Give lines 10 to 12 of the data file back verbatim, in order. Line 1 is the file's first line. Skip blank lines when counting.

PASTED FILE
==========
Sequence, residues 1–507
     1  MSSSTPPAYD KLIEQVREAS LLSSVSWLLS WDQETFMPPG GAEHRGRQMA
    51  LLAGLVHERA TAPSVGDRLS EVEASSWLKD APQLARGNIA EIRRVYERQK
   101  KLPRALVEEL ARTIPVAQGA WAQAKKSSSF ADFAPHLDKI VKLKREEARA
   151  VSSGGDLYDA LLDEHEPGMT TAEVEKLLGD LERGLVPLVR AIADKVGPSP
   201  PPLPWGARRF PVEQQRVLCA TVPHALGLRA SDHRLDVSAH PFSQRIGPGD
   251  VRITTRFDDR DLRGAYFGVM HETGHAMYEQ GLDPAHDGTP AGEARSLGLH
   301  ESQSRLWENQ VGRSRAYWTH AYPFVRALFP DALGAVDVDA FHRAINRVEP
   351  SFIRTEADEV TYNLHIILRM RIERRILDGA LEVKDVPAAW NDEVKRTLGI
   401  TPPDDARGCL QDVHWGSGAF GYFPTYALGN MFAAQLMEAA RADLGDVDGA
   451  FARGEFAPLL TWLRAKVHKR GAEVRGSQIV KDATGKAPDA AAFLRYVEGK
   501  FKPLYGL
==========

   401  TPPDDARGCL QDVHWGSGAF GYFPTYALGN MFAAQLMEAA RADLGDVDGA
   451  FARGEFAPLL TWLRAKVHKR GAEVRGSQIV KDATGKAPDA AAFLRYVEGK
   501  FKPLYGL